REAL TIME PREDICTION OF PHYTOPLANKTON BLOOM
In this study, we have fixed one hidden layer and 15 nodes of hidden layer under same calculation condition for case study in order to find optimized realtime prediction of environmental factors.
To avoid over fitting, we took account of the stopping point of the training. In ANN, the stopping point of training must be fixed, i.e., the number of iterations calculated by the system. We calculated the mean sum of errors (MSE). At each iteration, the learning system modifies the weights to minimize because the MSE decreases after learning. At the end of some thousand of iterations, the MSE is practically nil. The result stabilized after 50,000 iterations in our computation. We used the internal network parameters include the learning rate (μ =0.2), momentum (α =0.8) and transfer function (a =3). The initial weights were randomly distributed between 0 and 1.
The water temperature, salinity, dissolved oxygen and meteorological data (solar radiation, precipitation, air temperature) at the Observation Tower are available for data set and two species of phytoplankton, diatom and dinoflagellate are used for output. In this study, we do not consider the effect of nutrient concentration, because a realtime measurement of these values is very difficult.
Before this experiment, we calculated the correlation between various environmental factors, as like wind, humidity et al., and phytoplankton, and choose high correlation values among these factors for prediction of phytoplankton using neural network.
In order to find the optimum limited data set, and to investigate the effect of using different data for training and predicting on the generalization ability, the neural network were trained using input and output data set (Table 1) of 1999, and 2000, and then predicted phytoplankton bloom only using input data set of 2001 . Case 1〜5 do not considered of east current trend, but case 6〜10 do consider it.
Table l. Decision of inputs and correlation coefficients between predicted
and observed values.

Input data 
Dinoflagellate(R2) 
Diatom (R2) 
Case 1 
Water temp, Salinity, A.T., SR, Precipitation, D.O. 
0.734 
0.636 
Case 2 
Water temp, Salinity, A.T., SR Precipitation 
0.827 
0.597 
Case 3 
Water temp, Salinity, A.T., Precipitation 
0.453 
0.362 
Case 4 
Water temp, Salinity, SR, Precipitation 
0.578 
0.353 
Case 5 
Water temp, Salinity, A.T,, SR 
0.619 
0.255 
Case 6 
Water temp, Salinity, A.T,, SR, Precipitation, D.O., current 
0.867 
0.785 
Case 7 
Water temp, Salinity, A.T., SR, Precipitation, current 
0.789 
0.623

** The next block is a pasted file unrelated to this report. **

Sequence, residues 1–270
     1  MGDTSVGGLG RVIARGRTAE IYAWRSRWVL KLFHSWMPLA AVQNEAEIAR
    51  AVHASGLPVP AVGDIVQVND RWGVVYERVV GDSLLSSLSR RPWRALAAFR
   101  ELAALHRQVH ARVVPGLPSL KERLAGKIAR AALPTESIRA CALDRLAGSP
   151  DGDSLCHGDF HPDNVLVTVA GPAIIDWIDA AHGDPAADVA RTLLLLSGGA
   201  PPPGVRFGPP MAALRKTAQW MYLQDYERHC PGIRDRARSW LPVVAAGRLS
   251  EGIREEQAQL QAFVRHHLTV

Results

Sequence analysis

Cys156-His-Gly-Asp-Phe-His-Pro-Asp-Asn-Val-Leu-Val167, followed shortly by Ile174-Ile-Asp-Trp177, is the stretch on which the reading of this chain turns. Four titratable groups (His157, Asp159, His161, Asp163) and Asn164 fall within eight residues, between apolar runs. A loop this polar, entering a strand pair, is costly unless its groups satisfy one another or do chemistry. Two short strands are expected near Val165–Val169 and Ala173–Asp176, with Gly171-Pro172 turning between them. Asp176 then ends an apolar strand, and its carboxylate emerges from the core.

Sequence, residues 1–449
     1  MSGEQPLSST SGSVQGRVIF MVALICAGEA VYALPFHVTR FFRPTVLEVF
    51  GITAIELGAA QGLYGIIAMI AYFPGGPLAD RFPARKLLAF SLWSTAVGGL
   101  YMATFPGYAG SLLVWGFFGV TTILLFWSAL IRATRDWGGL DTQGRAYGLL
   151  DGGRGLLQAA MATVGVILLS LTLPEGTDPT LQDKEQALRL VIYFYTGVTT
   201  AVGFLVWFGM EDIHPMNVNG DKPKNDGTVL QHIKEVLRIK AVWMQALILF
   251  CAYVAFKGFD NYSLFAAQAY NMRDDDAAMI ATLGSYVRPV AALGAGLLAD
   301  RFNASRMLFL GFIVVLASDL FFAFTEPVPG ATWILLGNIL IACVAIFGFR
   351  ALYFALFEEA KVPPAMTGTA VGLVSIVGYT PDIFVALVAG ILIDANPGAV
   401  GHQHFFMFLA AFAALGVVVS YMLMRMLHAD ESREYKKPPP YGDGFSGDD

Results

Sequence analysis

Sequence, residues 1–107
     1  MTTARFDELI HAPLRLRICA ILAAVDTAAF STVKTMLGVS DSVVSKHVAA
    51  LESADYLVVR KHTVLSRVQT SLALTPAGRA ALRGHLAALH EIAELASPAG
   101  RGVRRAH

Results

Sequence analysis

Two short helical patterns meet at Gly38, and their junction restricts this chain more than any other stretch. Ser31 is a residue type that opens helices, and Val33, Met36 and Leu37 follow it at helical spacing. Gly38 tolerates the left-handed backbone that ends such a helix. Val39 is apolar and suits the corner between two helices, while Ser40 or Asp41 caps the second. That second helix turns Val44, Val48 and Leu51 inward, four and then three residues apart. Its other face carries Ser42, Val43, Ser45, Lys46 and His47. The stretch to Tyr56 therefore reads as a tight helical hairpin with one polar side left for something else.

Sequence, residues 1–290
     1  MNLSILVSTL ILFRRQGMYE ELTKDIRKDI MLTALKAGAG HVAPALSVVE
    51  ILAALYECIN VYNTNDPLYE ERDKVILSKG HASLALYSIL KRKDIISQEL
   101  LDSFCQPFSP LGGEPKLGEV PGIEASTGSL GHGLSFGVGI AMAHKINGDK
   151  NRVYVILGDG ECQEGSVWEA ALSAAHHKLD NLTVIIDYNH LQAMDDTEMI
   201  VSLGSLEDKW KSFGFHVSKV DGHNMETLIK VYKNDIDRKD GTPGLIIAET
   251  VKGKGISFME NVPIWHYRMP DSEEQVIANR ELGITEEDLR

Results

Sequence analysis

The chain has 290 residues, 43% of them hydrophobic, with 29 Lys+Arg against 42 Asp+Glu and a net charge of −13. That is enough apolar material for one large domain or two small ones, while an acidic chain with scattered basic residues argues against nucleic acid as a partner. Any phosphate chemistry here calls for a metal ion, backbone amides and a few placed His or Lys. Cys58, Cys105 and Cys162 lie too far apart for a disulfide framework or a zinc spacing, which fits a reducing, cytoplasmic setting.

Case 8 
Water temp, Salinity, A.T., Precipitation, current 
0.897 
0.390 
Case 9 
Water temp, Salinity, SR, Precipitation, current 
0.451 
0.534 
Case 10 
Water temp, Salinity, A.T., SR, flow 
0.738 
0.390 

Table 1 and Figure 6 show the comparison of prediction and observation. The correlation coefficients of case 1 and case 2 are high for phytoplankton prediction. However these cases do not predict the peak point of observed phytoplankton concentration. To improve this weakness, we added current data as input data set (case 6 and case 7) resolution in more high correlation coefficients and predicting the peak period trend. As Figures 3 and 4, the current information, which has a period character and its transferring, should affect the ANN prediction of biological distribution. The high precision case for the prediction of dinoflagellate is case 8, which is also improved prediction accuracy by including the current whereas the prediction of diatom is not significantly improved.
Among the predicted results of cases, we divided the adaptable prediction system into twogroup cases 1, 2, 6, 7 and the others. These results show it is able to predict realtime variation of phytoplankton with temperature, salinity, solar radiation, air temperature, and precipitation, and improve the prediction value adding currents.
To determine the relative significance of each input on the output, the following indicators is defined as a relative important parameter:
Figure 7 shows that the relative importance of the various input factors can be shown by examining these connection weights. These results indicate that the most important significant factors are changed according to input factors, and the neural network accuracy improved as more input variable are provided
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Figure 6. Comparison of each case (1, 2, 6, 7, 3, 48, 9) predicted and observed
results
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Figure 7. Relative importance between input and output of case 1,26 and
7
CONCLUSIONS
This study demonstrated that a generic ANN phytoplankton model structure in terms of inputs and outputs could be applied with different conditions in terms of water quality, climate, database characteristics, and achieve reasonable predictive accuracy. The ANNs model structured to forecast phytoplankton abundance proved to be successful for most, but not all, case studies investigated in this work.
Realtime prediction of the variation of phytoplankton species was conducted by using the observation data in Tanabe Bay and the artificial neural network (ANN) in this study. We changed the input data of ANN for finding the optimum, limited input data which is necessary for a real time estimate. It is found that ANNs is able to predict realtime variation of phytoplankton with temperature, salinity, solar radiation, air temperature, and precipitation, without nutrients and current information improve the prediction accuracy.
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